University of Cambridge > > Arctic Environmental Humanities Workshop Series > What Can We Learn from Ignorance? Arctic Energy Frontiers, Environmental Regimes, and Indigenous Rights Movements Since the 1970s

What Can We Learn from Ignorance? Arctic Energy Frontiers, Environmental Regimes, and Indigenous Rights Movements Since the 1970s

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If you have a question about this talk, please contact Professor Michael Bravo.

Doug Pimlott was shocked. The University of Toronto zoologist — one of Canada’s leading environmentalists — had just discovered a government secret. In 1973, the Department of Indian and Northern Affairs was planning an oil drilling program in the ice-choked Beaufort Sea (Arctic Ocean). What stunned Pimlott was not that the Department would target such a remote and challenging place for oil exploration. After all, the energy situation in North America in 1973 had grown desperate. Rather, it was that the entire discussion of the risks involved — to the delicate marine environment and to thousands of Inuit who relied upon its bounty — had been shielded from public scrutiny. “Nearly all the substantive information on offshore drilling plans is contained in various confidential proposals put forward by the oil industry and in restricted reports by the Department of Indian and Northern Affairs,” the scientist wrote. “Why had native communities in the region not been consulted about offshore drilling plans? Why was this new phase of exploration cloaked in secrecy?” As Pimlott searched for answers, Canada’s Cabinet pressed forward. In 1976, they approved two wells for the Beaufort Sea’s outer continental shelf. A year later, they supported long-term drilling there. The world’s northernmost oil frontier had been opened. In this talk, Prof. Andrew Stuhl will examine the state of knowledge that Pimlott experienced as a constitutive element of energy frontiers, environmental regimes, and struggles for Indigenous rights in the late twentieth-century Arctic. That is, while actors in the oil industry and the Canadian government produced detailed studies about the risks and rewards of drilling in the Beaufort Sea, their circulation was limited — which also produced deliberate, widespread ignorance. Their efforts to maintain a state of limited knowledge blunted resistance from environmentalists and Indigenous rights advocates whose political power was on the rise. These activists attempted to slow or delay oil development by pointing out that oil companies knew very little about the sensitive ecologies and Indigenous claims to land in the Arctic. In response, oil companies designed elaborate consultation campaigns to nurture local support and undercut opposition to oil exploitation. Drawing on recently declassified sources from the Canadian federal government and the oil and gas industry, Prof. Stuhl will explore how studies of ignorance can thus help explain the shape of public interest groups, corporate social responsibility campaigns, oil and gas schemes, research agendas in the natural sciences, and environmental politics in Arctic North America over the last 50 years.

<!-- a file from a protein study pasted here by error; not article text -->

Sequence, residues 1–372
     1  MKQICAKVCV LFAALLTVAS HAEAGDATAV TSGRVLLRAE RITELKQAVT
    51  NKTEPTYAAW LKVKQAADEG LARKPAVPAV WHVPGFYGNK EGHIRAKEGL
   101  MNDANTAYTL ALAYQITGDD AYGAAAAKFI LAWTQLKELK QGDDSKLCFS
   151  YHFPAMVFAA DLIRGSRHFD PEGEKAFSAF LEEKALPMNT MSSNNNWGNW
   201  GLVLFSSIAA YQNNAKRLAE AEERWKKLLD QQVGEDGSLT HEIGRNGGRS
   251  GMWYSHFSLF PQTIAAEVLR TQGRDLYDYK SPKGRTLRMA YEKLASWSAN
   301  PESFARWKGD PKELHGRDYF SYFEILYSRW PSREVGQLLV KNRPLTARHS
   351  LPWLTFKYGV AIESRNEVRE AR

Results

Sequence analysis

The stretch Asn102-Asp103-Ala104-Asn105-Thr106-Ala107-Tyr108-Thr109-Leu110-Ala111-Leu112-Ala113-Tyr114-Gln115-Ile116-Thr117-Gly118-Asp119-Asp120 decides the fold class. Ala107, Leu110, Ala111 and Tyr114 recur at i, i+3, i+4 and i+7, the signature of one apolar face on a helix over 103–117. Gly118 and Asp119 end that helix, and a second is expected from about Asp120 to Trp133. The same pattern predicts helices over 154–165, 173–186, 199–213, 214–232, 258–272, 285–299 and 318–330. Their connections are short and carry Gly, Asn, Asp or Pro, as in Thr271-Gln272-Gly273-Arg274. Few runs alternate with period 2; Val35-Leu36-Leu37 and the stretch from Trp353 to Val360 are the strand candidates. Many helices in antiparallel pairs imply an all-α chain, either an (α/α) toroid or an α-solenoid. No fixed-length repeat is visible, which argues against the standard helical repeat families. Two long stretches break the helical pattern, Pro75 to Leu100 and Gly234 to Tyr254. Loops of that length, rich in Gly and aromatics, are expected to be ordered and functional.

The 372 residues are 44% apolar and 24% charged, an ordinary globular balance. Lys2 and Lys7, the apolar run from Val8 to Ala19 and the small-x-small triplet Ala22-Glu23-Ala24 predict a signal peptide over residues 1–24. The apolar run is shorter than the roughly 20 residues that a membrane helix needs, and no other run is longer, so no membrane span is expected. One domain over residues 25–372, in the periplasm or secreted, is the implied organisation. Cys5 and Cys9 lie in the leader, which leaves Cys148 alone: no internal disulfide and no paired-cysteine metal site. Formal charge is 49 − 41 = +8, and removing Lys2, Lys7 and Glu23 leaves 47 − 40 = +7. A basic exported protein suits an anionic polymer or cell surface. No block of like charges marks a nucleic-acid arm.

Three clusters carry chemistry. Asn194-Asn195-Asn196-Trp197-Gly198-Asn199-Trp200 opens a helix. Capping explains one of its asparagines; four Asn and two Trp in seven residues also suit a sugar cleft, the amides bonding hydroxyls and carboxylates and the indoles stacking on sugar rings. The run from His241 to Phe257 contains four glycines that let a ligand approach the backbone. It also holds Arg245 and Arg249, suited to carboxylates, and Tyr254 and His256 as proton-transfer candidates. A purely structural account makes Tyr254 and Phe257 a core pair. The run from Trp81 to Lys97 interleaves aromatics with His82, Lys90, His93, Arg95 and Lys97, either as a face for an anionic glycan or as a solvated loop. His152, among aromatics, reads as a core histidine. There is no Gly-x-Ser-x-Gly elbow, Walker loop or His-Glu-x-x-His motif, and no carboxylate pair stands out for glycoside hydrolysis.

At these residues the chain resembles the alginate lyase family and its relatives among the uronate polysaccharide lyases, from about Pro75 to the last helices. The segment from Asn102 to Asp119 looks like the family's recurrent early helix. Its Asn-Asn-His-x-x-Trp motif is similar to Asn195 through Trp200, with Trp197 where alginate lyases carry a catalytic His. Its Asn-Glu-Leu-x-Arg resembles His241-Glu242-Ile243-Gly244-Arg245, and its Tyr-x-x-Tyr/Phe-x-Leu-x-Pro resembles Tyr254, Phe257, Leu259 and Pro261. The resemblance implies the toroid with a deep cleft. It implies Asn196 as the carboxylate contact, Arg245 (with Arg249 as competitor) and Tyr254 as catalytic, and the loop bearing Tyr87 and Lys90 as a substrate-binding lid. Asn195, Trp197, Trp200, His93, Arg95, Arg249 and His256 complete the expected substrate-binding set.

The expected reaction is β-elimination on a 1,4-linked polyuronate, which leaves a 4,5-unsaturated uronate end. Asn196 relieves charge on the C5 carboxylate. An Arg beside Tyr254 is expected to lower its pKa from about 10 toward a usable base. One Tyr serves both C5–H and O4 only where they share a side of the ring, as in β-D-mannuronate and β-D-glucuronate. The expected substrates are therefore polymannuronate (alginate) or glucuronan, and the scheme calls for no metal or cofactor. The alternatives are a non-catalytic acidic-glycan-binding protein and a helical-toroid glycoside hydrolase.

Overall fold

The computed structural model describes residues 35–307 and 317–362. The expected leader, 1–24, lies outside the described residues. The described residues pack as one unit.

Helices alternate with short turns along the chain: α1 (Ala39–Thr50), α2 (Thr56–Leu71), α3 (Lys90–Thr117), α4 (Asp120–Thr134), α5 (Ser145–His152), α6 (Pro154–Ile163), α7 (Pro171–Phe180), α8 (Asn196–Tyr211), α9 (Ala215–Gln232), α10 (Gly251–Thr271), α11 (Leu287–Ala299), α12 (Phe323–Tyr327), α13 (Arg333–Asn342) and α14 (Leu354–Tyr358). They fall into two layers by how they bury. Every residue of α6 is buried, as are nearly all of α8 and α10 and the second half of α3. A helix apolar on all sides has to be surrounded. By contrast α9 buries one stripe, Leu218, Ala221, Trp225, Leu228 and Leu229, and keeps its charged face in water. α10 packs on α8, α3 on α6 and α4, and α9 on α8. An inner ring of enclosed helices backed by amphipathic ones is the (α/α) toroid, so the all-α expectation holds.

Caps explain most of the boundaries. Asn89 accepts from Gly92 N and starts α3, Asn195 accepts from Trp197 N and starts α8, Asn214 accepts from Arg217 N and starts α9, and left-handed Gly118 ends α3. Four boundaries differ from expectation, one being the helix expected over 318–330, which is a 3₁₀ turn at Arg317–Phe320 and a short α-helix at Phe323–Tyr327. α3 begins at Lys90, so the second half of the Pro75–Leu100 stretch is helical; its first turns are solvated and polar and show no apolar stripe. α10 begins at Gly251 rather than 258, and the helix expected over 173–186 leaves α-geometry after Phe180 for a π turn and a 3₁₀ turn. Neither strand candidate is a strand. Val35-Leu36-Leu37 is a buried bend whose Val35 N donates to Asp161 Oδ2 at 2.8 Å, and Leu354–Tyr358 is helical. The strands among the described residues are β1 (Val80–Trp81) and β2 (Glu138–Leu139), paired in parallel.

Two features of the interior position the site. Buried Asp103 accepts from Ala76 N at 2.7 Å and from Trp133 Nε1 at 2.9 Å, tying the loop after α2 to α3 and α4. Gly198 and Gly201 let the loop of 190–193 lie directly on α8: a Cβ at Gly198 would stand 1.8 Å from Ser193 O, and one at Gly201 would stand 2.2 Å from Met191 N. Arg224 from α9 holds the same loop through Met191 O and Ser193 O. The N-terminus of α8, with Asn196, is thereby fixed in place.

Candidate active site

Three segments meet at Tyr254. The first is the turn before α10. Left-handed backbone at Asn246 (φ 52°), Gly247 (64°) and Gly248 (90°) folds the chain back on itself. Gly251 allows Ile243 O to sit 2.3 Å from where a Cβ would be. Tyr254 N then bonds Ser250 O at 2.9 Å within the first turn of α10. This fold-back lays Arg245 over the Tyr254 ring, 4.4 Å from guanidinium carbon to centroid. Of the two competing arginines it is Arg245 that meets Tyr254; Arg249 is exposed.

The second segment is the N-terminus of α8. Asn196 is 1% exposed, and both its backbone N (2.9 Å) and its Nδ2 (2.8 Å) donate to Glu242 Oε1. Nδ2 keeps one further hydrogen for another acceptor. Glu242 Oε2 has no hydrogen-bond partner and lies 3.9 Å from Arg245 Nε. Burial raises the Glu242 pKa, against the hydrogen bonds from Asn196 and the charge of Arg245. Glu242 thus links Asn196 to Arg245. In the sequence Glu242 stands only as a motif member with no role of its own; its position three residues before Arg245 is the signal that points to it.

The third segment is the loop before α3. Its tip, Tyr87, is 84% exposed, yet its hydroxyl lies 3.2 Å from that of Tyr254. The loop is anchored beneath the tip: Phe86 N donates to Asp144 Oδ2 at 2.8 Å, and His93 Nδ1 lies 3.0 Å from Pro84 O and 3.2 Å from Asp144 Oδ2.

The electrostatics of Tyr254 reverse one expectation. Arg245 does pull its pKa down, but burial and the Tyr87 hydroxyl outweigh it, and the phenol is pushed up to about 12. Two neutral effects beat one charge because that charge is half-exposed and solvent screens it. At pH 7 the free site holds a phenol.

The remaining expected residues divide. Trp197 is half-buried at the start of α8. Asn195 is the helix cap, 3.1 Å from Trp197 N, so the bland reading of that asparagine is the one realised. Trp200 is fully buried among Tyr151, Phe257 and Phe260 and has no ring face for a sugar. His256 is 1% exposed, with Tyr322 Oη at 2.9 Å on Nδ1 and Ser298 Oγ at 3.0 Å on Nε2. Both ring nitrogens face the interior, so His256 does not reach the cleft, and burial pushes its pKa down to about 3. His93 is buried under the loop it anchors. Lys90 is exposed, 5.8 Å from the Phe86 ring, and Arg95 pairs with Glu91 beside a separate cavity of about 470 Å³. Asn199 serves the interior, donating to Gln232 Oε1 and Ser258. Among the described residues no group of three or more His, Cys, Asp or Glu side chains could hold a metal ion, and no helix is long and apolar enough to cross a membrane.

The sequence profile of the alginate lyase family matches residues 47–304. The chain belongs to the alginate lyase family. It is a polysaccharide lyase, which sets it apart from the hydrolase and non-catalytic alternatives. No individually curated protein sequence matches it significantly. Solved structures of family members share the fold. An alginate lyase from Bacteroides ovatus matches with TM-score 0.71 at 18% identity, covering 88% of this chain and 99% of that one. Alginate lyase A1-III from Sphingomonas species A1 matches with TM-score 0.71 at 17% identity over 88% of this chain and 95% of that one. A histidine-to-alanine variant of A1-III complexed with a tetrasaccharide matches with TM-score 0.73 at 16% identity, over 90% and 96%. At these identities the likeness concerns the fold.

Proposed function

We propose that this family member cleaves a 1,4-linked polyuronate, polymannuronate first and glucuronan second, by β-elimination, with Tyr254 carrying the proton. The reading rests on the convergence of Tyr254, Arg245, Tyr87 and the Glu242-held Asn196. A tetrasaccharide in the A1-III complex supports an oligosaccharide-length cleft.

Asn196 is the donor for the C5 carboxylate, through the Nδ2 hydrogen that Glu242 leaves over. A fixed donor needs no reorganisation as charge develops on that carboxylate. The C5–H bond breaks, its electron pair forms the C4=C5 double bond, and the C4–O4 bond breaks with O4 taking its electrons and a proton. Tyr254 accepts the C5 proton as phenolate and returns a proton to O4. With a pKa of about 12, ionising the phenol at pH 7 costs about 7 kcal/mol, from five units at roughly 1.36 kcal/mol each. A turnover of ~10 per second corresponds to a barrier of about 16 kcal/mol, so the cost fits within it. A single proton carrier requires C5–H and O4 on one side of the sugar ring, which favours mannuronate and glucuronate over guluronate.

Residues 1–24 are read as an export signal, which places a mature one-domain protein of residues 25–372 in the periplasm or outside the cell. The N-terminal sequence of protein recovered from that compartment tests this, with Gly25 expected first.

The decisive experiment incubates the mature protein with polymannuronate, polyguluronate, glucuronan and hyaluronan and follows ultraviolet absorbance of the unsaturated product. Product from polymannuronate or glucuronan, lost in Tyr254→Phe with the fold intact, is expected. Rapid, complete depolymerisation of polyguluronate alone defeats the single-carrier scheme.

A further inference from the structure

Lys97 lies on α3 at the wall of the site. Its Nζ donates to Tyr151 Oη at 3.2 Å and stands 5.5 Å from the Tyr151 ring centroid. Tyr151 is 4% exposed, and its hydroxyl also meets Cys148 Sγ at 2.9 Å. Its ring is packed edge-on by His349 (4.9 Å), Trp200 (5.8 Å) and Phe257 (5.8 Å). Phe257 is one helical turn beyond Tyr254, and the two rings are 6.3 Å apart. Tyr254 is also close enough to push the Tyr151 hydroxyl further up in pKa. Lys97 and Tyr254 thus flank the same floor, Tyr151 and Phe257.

This talk is part of the Arctic Environmental Humanities Workshop Series series.

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